Whether the Bible is a collection of texts that can be used for moral guidance is an unresolved question for Western society. Bible-based religions use the book as a guide in order to shape ethics not only for their adherents, but for governance of the larger society as well. Hector Avalos, PhD, Professor of Religious Studies at Iowa State University, has been deconstructing the monolith of respect that we are supposed to afford the Bible in several books and collections. Avalos' method lays out a careful and critical examination of the book itself as well as the apologetics approach that believing scholars use to misrepresent the ethics of this collection of authoritative scriptures.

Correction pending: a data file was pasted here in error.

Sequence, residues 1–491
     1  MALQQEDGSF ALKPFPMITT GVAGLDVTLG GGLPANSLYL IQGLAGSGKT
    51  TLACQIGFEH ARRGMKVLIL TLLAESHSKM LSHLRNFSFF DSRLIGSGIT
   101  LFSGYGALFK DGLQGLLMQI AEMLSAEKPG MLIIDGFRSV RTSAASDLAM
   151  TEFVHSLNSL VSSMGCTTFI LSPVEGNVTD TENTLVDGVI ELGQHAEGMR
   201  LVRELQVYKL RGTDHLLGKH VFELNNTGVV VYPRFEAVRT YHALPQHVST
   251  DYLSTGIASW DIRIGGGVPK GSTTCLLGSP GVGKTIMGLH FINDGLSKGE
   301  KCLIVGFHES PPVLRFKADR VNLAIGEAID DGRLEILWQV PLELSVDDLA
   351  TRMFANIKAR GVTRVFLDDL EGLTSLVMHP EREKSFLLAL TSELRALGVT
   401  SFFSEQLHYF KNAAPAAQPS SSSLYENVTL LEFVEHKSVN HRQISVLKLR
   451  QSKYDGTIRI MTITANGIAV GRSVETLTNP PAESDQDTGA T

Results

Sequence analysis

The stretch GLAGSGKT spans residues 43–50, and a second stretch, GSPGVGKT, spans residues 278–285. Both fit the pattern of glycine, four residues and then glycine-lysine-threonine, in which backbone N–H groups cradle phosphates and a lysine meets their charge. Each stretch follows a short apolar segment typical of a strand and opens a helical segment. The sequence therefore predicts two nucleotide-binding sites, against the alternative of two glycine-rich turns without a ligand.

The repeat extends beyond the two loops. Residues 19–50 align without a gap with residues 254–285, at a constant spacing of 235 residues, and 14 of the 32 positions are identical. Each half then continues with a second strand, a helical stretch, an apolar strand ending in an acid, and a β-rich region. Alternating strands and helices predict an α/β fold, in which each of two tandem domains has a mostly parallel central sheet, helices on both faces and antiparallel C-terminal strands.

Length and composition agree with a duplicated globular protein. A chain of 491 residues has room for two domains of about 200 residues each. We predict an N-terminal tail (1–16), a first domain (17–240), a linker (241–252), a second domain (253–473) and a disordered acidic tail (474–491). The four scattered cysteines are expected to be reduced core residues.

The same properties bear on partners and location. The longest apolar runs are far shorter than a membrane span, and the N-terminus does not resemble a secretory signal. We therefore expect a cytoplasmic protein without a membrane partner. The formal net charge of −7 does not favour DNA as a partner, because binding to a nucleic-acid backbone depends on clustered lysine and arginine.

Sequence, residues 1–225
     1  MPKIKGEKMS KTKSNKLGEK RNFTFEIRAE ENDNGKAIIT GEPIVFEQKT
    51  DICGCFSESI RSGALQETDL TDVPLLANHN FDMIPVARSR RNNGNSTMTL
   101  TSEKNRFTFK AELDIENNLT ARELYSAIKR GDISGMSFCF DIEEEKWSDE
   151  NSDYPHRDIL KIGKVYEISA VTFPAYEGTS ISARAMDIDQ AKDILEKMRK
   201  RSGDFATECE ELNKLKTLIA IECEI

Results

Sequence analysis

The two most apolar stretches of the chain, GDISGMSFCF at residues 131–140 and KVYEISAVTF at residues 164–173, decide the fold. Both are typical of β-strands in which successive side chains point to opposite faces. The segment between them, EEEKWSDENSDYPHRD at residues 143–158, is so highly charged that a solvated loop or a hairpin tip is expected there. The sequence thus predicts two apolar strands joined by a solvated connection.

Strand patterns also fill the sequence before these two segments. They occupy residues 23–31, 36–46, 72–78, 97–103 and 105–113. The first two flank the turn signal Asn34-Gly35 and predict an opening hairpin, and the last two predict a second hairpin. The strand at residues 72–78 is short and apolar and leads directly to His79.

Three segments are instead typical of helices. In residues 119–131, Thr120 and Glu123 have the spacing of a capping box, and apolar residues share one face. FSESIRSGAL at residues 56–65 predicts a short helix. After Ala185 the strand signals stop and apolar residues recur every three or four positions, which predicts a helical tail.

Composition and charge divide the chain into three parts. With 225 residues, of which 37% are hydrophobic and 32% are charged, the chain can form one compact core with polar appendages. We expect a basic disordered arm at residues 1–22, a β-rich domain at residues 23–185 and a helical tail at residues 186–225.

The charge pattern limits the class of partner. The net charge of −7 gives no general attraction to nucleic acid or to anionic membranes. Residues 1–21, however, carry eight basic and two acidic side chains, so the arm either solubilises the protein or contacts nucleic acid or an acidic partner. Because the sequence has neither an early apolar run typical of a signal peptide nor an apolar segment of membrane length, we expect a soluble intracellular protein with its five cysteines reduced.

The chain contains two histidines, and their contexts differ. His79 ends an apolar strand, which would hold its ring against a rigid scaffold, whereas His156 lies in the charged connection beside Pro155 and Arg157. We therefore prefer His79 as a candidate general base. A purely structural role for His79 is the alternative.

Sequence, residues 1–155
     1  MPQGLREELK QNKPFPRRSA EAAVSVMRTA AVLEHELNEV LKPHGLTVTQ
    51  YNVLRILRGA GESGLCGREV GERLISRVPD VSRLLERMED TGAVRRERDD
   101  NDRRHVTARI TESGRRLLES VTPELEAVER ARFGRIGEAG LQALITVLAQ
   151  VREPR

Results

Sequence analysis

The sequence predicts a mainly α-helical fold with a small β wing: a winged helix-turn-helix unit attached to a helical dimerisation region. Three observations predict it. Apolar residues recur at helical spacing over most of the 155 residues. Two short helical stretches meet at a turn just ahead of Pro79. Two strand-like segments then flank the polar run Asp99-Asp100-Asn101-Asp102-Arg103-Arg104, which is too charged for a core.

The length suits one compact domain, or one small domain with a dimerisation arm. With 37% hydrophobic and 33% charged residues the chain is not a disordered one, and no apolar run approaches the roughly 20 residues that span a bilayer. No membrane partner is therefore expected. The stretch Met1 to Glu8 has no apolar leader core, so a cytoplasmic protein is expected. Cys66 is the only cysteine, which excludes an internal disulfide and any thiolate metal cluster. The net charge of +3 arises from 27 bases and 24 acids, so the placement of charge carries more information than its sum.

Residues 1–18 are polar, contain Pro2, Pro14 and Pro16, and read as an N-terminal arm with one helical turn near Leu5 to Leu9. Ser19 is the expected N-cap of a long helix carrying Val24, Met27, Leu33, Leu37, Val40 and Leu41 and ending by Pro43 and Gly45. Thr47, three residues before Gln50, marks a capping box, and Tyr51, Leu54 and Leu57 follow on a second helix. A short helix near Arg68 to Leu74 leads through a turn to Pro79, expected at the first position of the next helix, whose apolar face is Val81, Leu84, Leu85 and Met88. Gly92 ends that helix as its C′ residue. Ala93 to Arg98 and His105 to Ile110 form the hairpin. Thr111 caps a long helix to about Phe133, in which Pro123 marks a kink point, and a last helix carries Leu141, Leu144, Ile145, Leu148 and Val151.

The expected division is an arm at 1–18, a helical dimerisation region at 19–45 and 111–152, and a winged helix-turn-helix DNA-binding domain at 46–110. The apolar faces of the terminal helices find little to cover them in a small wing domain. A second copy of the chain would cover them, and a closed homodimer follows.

Laying aside the verifiability of the texts collected into the Bible, which Avalos examined in his book The End of Biblical Studies, Avalos now turns to its ethics of slavery. Apologists claims that the Bible was a key tool in the 18th and 19th century abolitionist struggles for the ending of human slavery. In order to maintain the position that The Bible could be used to argue that God didn't want people to own other people, scholars need to misrepresent its clear teachings and Avalos shows in his forthcoming book Slavery, Abolitionism and the The Ethics of Biblical Scholarship.Avalos not only looks at the Bible itself, but also examines civilizations in the Middle East, both preceding the time line of the Bible and concurrent to discover whether or not its teachings were an improvement over the ethics of slavery for non-adhering societies.
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